YouTube Is the Last Bastion of True Listening Freedom
On Monday, YouTube CEO Susan Wojcicki confirmed that YouTube Music Key, the company's on-demand streaming service, is still on track to launch later this year. Even though YouTube is already the largest streaming service in the world, Music Key is the company's play at the territory carved out by Spotify and Apple Music -- an ad-free, mobile friendly service that, unlike YouTube's current iteration, lets users listen to music offline.
In the same speech, Wojcicki listed the facets of Music Key that will set it apart from its competition. She said: “It’s different because we have the music videos, which being able to see your favorite music artist perform a song and see what they imagine when they created that song, it’s really magical and so being able to have that." But I can already watch all the music videos in the world on YouTube for free, and competitors like Tidal and Apple Music that have already entered the market allow me to watch music videos, too.
YouTube gives hundreds of millions of users the power to decide what's available to listen to on their platform.
What actually sets YouTube apart is that in addition to being the most popular (and the free-est) streaming service, YouTube gives hundreds of millions of users the power to decide what's available to listen to on their platform.
The launch of Apple Music, with its self-professed goal of creating a "monoculture," and its clear intention to subsume all other forms of listening, invites us to see the advent of big on-demand streaming platforms as a window into a future where music lovers' choices are dictated by relationships between tech megaliths and big record labels.
Kyle Chayka, writing in Pacific Standard, thinks back fondly on the days of Napster and Limewire and their weird pirate words of user-curated music. "Even the roughest noise music and least popular guy-and-guitar acts could cultivate a fan base," Chayka remembers. "Not so with streaming, where discovery is limited to labels that the tech company has a contract with."
Annie Zaleski, in Salon, sees in the rise of all-encompassing streaming services like Apple Music a potential "clampdown on freedom" -- the looming of a future where we don't have any control over our own music collections, and our ability to explore and discover music.
As long as YouTube is around in its constant state, that danger is hypothetical. YouTube, like Napster and Limewire, is user-curated. (While license holders are given the option to take down copies of their music when it's uploaded by others, many opt to leave the music up, since they get paid for any ad revenue the video receives. For most obscure or rare music I find on YouTube, there are no ads running at all, which means no one is making money.) In general, if I'm looking for something I really want to hear that's out of print -- that no label has the rights to issue to a major streaming service -- I can still find it on YouTube, thanks to the efforts of an obsessive listener like me.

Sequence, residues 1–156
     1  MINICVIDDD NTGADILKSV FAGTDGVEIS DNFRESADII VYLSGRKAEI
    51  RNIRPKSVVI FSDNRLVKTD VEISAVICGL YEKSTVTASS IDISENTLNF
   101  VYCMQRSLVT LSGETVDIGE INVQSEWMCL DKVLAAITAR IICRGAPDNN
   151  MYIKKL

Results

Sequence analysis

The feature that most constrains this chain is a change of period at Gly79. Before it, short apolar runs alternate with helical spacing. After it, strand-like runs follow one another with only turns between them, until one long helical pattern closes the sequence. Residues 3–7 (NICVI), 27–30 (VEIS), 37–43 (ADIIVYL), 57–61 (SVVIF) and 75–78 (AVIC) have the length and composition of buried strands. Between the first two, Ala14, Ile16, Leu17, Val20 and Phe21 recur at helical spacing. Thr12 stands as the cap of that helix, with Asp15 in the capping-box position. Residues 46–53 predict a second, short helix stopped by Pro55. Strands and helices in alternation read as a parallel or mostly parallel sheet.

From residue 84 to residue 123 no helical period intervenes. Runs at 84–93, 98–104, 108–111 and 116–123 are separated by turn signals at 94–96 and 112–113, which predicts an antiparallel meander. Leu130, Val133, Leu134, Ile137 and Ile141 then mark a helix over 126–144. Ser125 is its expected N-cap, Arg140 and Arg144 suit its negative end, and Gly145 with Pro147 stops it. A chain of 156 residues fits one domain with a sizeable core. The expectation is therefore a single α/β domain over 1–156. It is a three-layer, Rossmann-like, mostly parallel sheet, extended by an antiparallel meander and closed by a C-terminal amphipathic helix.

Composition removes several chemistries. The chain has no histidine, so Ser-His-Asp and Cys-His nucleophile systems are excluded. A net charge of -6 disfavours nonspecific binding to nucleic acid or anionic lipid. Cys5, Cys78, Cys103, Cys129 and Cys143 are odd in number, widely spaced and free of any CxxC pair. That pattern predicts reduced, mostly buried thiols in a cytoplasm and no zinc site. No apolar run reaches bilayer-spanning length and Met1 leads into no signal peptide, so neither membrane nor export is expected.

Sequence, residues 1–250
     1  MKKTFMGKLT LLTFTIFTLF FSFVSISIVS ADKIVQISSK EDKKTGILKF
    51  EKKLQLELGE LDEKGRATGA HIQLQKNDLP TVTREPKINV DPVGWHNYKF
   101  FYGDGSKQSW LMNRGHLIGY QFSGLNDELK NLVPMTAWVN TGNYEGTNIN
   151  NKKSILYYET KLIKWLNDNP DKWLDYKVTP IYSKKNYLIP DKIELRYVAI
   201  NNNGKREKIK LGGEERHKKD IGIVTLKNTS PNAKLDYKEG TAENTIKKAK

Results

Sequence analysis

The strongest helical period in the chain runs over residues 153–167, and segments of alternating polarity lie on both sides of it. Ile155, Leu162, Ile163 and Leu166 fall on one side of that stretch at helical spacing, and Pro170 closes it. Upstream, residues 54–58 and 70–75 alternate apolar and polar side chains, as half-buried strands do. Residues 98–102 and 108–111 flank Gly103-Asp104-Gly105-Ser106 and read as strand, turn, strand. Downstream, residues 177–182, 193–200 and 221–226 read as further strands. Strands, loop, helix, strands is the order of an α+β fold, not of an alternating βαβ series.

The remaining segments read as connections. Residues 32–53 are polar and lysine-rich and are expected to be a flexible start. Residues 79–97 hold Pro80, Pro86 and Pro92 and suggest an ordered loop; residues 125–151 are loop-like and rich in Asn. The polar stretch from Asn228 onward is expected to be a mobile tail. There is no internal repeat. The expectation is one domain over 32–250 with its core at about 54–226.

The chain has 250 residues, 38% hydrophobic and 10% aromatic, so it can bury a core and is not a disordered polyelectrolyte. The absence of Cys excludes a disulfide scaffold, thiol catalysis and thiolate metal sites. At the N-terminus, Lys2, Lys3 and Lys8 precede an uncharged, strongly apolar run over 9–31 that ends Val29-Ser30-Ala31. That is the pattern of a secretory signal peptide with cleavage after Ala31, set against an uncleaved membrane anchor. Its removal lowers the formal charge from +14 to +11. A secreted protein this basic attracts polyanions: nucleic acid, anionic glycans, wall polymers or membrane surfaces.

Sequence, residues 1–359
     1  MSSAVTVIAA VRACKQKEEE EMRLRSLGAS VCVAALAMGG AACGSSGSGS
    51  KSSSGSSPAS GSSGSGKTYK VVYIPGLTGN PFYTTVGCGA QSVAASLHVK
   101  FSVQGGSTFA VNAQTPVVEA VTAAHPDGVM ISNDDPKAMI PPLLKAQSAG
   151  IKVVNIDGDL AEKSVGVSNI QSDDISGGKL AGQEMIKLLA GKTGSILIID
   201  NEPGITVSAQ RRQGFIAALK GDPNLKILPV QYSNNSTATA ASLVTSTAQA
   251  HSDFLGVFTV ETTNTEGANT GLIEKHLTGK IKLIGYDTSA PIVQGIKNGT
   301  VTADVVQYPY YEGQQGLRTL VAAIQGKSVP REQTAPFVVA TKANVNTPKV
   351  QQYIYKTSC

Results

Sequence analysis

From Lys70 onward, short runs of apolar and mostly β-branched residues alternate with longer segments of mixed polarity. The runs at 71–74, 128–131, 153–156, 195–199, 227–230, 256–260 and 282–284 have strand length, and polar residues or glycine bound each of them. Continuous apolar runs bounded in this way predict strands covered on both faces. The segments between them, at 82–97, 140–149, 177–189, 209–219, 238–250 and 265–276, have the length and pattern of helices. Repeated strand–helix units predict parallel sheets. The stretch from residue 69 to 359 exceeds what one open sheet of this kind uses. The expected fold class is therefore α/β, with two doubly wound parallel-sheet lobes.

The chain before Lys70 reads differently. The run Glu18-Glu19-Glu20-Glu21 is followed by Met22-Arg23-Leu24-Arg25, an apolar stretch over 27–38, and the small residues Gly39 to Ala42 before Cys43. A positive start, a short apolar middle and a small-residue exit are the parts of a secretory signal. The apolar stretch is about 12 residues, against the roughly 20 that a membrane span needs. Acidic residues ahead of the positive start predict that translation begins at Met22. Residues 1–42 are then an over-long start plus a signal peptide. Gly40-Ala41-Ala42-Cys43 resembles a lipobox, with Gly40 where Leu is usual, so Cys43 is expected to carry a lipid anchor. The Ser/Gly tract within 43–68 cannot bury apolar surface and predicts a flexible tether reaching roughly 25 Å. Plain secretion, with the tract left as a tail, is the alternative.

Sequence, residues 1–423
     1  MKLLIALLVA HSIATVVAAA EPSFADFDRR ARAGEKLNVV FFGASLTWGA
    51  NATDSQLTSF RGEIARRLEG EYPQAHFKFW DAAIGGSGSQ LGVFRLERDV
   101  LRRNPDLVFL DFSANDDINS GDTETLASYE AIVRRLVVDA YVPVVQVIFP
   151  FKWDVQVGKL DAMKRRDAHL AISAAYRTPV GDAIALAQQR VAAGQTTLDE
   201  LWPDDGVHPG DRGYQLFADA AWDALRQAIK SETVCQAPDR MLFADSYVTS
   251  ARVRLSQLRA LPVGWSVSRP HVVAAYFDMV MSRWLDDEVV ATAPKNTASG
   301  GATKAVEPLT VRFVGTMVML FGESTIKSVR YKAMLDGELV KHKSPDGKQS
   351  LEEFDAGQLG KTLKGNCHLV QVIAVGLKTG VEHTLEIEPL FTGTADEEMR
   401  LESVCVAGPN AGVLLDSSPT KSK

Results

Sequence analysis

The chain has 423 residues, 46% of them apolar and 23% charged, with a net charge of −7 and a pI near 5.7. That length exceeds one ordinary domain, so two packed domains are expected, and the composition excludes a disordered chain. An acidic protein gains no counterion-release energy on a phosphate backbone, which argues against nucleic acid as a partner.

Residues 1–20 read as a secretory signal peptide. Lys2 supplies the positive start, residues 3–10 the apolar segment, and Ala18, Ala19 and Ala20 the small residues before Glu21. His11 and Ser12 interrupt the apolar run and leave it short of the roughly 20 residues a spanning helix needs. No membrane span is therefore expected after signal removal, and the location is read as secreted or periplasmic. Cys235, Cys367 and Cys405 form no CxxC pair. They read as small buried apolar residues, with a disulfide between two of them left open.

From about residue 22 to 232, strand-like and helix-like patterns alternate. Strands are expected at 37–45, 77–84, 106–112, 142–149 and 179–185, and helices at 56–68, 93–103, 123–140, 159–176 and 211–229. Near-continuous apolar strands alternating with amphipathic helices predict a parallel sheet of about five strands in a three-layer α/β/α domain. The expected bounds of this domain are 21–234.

The beauty of YouTube, and what's missing from services like Spotify and Apple Music, is that it's something like a democracy -- the ability for everyday plebeians to find and share music with each other. And while YouTube is the biggest, other services are similarly democratic: There is, of course, SoundCloud, which lets creators upload, share and even monetize music and other audio; Mixcloud, my personal favorite, lets users upload and share their own mixes. Like YouTube and SoundCloud, Mixcloud pays out royalties to the artists via PROs. (Whether those royalties are high enough is a topic for another column.)
My hope is the Music Key ends up being an effort to augment YouTube's democratic platform with some of the best features of other streaming services. Apple Music's greatest strength is proving to be their expertly curated playlists, which succeed mightily in driving music discovery. (At least, they have for me.) Spotify's strength -- besides their super-intuitive interface -- is their unlimited store of user-created playlists. If YouTube could facilitate this kind of curation of their platform, they could have the best of what's around, without losing the user power that makes them great. It would make them a service worth paying attention to in a very crowded field.
Maybe YouTube is planning on doing something like this with Music Key -- after all, it sounds like they're still hard at work at building the thing. But I fear that they're going to join the ranks of the big streaming services and feature a buffet of streamable music provided directly via deals with labels. If so, it'll mean the loss of the last major bastion of democratic music sharing on the web -- and that's where the clampdown on freedom will really begin.